Soon, cars may predict if you are having a heart attack
Scientists are developing a new system that can predict if a car driver is about to have a heart attack, a feature that would help avoid road accidents due to an unexpected cardiac event.
When a person has a medical emergency behind the wheel, fellow passengers and motorists also face risk of death or serious injury.
"A large number of traffic incidents are caused by medical conditions while driving, specifically cardiovascular events, such as myocardial infraction and myocardial ischemia," said Kayvan Najarian, from University of Michigan in the US.
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"The medical event interferes with the driver's ability to safely drive and operate the car, causing the accident," said Najarian.
Researchers, in collaboration with Japanese automotive manufacturer Toyota, wanted to move towards technology that can monitor and analyse the physiology of the person driving and predict if they are going to have adverse cardiac events.
"We identified the challenges, potential solutions, hardware options and algorithmic approaches that could be potentially used," Najarian said.
"We concluded that cardiac events were conditions that are more feasible to detect with technology in the vehicle," he added.
Researchers are creating a system that could be placed in the vehicle to monitor and predict an adverse cardiac event.
"We would like to test hardware we had previously identified, and improve and validate our algorithmic solutions to see what it will take to generate a system that could look at the physiology of a person, provided by high-density electrocardiogram (ECG) measurements, as well as other medical measurements," Najarian said.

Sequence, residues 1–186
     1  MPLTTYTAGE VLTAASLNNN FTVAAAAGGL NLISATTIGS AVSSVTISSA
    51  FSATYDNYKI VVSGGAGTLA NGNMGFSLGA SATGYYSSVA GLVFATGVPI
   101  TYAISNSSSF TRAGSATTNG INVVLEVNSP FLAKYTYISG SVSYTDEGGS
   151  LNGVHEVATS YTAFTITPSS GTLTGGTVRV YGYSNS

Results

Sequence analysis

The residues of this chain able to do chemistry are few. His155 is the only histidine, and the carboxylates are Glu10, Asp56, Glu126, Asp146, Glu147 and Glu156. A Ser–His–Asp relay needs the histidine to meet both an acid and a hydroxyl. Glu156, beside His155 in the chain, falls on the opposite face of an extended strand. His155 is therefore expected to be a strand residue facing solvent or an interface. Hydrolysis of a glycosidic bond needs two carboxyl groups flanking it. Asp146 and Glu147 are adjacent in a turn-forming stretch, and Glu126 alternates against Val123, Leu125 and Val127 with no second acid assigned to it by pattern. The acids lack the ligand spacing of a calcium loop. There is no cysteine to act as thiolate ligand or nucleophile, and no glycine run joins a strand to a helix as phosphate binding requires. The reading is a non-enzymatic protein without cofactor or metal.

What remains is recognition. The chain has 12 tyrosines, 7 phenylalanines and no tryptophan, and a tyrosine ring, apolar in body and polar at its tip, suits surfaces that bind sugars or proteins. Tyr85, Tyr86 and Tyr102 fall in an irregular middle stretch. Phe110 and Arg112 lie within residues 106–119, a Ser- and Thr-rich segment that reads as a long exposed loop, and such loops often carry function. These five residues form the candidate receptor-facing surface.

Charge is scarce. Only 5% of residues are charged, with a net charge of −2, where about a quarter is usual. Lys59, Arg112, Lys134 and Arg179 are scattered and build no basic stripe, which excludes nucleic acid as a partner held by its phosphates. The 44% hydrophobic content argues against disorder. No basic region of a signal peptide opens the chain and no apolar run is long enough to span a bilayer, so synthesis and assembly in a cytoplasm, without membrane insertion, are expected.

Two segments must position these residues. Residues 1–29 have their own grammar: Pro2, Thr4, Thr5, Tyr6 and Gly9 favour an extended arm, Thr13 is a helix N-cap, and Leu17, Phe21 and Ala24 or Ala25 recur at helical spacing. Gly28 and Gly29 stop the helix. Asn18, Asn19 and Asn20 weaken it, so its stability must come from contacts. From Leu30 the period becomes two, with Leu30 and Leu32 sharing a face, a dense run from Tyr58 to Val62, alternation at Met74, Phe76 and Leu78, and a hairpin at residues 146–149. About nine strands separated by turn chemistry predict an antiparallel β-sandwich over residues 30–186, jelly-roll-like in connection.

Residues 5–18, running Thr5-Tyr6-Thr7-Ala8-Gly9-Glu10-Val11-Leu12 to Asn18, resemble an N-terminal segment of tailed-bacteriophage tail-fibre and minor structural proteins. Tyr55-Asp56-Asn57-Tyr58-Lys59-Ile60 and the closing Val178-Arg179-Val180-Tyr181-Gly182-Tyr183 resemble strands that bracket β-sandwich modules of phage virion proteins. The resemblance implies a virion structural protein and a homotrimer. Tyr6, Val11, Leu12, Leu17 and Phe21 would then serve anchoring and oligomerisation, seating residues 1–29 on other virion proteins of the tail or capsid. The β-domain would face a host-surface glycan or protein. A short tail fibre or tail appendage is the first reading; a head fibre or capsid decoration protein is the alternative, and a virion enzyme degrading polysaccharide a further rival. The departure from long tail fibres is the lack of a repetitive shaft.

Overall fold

Their goal is to come up with a system that would predict the occurrence of adverse cardiac events in real time.
Researchers are using machine-learning models to analyse the data collected from in-hospital and in-vehicle subjects. The research team will then test the system on real-time prediction of cardiac events.
"There are actually quite a few obstacles that were identified," Najarian said.
"You can't have clinical-grade monitoring devices in the vehicle. You need to use a high-quality monitoring device in the vehicle that, despite all the in-vehicle noise, could reliably register the driver's ECG without being large and obtrusive," he added.
The research team will begin gathering the physiological data from the driver using heart monitors approved by the US Food and Drug Administration.
Such monitors are patches placed on the driver's chest that analyse physiological data in real time.
Researchers will continue to test and validate algorithmic and hardware options that could be placed inside the vehicle to monitor the driver's heart. The team hopes to report results in 2020.
"When we analysed crash statistics already reported by different agencies, we found that drivers 65 years of age and older have a lot of medical-related issues that are related to vehicle crashes," Najarian said.
"We can infer from that information that there could be a higher number of crashes in the future as the population is ageing," he added.